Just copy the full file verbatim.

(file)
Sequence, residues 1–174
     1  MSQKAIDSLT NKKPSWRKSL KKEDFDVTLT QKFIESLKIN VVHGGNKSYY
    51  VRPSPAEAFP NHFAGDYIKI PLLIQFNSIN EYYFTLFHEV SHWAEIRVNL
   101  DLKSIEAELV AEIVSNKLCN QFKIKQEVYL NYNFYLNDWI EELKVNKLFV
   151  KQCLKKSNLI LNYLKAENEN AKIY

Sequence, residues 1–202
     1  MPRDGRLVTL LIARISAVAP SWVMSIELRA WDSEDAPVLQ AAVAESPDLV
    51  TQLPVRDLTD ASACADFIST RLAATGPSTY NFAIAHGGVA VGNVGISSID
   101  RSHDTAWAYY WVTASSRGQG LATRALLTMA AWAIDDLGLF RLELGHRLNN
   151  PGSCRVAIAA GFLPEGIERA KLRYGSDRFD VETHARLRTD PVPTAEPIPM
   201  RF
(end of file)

Sequence, residues 1–174
     1  MSQKAIDSLT NKKPSWRKSL KKEDFDVTLT QKFIESLKIN VVHGGNKSYY
    51  VRPSPAEAFP NHFAGDYIKI PLLIQFNSIN EYYFTLFHEV SHWAEIRVNL
   101  DLKSIEAELV AEIVSNKLCN QFKIKQEVYL NYNFYLNDWI EELKVNKLFV
   151  KQCLKKSNLI LNYLKAENEN AKIY

Sequence, residues 1–202
     1  MPRDGRLVTL LIARISAVAP SWVMSIELRA WDSEDAPVLQ AAVAESPDLV
    51  TQLPVRDLTD ASACADFIST RLAATGPSTY NFAIAHGGVA VGNVGISSID
   101  RSHDTAWAYY WVTASSRGQG LATRALLTMA AWAIDDLGLF RLELGHRLNN
   151  PGSCRVAIAA GFLPEGIERA KLRYGSDRFD VETHARLRTD PVPTAEPIPM
   201  RF